No shortage of short form content on the Web it seems, but what about creative usage of Twitter itself? I’ve managed to find only a couple of examples. There’s this story as reported by Techcrunch about somebody reenacting the movie Ferris Bueller’s Day Off using Twitter and Forsquare. While thinking about what to write for this post I was toying with the idea on how to implement an old fashioned text adventure game on Twitter. It seems someone is already doing this, however. User Txtadventure is running a game where followers post actions and the account holder replies with a description of how the game responds. (The users involved are probably just making everything up as they go along, but it might be interesting to have a bot come up with the respones. Also, I’m hoping people use old school commands such as: ‘open door’, ‘look at statue’, ‘use rubber chicken on ceiling fan’).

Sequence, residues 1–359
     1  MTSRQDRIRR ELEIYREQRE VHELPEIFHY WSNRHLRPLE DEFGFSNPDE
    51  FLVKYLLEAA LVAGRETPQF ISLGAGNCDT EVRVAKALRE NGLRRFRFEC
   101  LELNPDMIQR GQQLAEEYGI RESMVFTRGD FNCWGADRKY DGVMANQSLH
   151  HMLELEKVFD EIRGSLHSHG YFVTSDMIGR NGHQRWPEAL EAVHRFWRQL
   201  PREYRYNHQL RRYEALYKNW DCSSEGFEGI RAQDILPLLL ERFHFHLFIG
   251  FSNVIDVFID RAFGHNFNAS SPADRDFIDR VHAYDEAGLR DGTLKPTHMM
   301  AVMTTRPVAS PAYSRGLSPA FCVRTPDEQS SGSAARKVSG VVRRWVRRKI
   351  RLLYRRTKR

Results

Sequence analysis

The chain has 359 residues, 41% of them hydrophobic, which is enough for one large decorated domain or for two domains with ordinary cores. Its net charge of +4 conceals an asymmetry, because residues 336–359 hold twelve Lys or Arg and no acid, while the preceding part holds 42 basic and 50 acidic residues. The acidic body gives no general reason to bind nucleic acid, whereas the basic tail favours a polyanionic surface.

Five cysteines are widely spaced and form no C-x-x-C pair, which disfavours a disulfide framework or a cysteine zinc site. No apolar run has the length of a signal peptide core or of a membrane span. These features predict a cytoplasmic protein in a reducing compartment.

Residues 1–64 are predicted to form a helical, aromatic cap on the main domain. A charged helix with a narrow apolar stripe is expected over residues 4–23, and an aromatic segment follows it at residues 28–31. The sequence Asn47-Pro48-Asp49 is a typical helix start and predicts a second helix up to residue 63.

All in all, it seems people are making strides towards using Twitter as a platform for cultural expression. Though I’ve only been able to find a few things, I’m sure there’s avid Twitterers (Twits?) out there who know a lot more. If any of you know any good examples, please share them in the comments.

To conclude, I’d like to pose a question. What are your thoughts on Twitter and its effects on the human mind? Is it making us less focussed and more easily distracted? Does it make us better multi-taskers in every day life? Is it making us dumber or just different?

Carr, Nicholas. ‘The Shallows – What the Internet Is Doing to Our Brains’. W.W. Norton & Company. 2007

Marwick, Alice and boyd, d. “I Tweet Honestly, I Tweet Passionately: Twitter Users, Context Collapse, and the Imagined Audience.” (Forthcoming) New Media and Society. [Draft PDF]

Java et al. ‘Why We Twitter: Understanding Microblogging Usage and Communities’. Procedings of the Joint 9th WEBKDD and 1st SNA-KDD Workshop 2007. University of Maryland, Baltimore County. 2007.

Manovich, Lev. ‘Database as a Symbolic Form’. 1998